Crimper Kit Calibration

Crimping technology allows for a high-quality connection at a low cost by eliminating the need to solder connections between terminals and wires. Crimper kits (a set of crimp tools) have become standard equipment in several industries, and are designed to deliver complete wire harness solutions for machines in the manufacturing, offshore, marine, military, and commercial aviation sectors. OEMs such as DMC provide crimp tool kits tailored to machine or aircraft type to comply with the wiring standards of stripping, crimping, and terminating electrical connections.

 

Crimper Kits – Design:

Designing a tool kit to service an entire wiring system of a complex machine or aircraft necessitates significant study to pick appropriate tooling and ensure that all serviceable connections, terminals, splices, and contacts can be properly maintained. Wiremen or specialists in charge of the maintenance or repair of these systems are not usually expected to know to crimp and terminate standards, nor do they have the time to perform research or locate toolings.

Crimp tool OEMs perform this electrical research on the machine, and with the tooling database available, tool OEMs develop a standard Wiring System Service Kit for a particular machine. A tool kit package includes All the necessary tooling (crimping tools, dies, heads, installing tools, removal tools, gages, wire strippers for circular and R.F. connectors, and more), valuable tool application data to guesswork while performing a crimping operation, and complete instructions on set up and use of each tool and accessory.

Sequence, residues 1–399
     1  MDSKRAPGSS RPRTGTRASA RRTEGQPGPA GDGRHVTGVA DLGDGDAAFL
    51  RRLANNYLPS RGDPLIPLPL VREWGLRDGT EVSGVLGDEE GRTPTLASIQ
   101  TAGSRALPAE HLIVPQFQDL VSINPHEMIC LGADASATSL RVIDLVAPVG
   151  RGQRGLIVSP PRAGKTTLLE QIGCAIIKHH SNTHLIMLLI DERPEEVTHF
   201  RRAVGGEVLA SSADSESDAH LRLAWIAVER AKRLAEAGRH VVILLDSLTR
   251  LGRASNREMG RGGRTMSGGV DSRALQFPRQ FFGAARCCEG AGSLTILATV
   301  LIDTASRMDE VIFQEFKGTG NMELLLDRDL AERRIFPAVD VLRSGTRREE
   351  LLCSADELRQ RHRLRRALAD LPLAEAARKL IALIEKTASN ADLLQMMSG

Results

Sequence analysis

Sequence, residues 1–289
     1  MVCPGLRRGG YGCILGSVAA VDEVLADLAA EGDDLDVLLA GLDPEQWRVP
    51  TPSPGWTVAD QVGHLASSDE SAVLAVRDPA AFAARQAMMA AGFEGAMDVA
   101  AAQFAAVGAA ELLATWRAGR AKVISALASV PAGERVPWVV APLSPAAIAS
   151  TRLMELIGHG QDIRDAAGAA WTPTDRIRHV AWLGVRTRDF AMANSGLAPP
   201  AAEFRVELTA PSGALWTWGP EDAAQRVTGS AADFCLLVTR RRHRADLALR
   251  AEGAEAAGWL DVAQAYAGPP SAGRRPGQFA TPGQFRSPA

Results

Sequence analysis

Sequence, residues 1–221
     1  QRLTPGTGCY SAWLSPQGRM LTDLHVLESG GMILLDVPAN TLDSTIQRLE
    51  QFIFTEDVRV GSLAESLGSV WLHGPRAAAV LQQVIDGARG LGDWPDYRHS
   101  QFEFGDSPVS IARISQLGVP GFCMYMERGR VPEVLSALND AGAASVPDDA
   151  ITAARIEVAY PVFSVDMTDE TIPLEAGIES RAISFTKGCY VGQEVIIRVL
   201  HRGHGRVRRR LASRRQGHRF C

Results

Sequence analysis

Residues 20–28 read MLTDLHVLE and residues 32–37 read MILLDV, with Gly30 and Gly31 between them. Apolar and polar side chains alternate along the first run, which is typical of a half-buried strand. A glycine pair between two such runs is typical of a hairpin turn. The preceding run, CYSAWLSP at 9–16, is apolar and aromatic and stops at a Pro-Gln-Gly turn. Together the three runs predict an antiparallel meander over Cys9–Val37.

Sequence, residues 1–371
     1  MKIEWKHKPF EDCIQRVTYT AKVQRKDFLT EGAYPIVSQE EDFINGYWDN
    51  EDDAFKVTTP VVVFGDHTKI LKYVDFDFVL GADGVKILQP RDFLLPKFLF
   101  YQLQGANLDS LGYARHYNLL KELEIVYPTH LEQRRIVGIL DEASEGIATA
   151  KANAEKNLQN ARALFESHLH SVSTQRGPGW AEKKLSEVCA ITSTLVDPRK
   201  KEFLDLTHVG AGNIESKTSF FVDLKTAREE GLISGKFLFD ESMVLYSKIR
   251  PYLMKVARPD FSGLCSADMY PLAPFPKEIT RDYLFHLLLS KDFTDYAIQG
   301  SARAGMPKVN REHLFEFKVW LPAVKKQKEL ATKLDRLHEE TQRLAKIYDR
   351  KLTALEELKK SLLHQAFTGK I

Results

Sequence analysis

Crimper Kits – Types and Selection Criteria:

The quantity and types of crimp tools in a crimp tool kit are proportionate to the electrical system’s complexity. For example, large aircraft need heavy-duty pneumatic indentation crimpers that work with a button push. These powerful crimp tools can handle contacts up to 8/0 (AWG) size and are compatible with onboard air sources operating at 90–125 psi (5.4–8.16 BAR).

On the other hand, small aircraft electrical wiring and harness needs are fulfilled by manual crimp tools. Crimper Kit makers often supply standard kits (labeled with a list of equipment) for the aircraft and industrial machinery, making kit selection easier. If a standard kit is not available, the electrical system has to be studied to build the kit.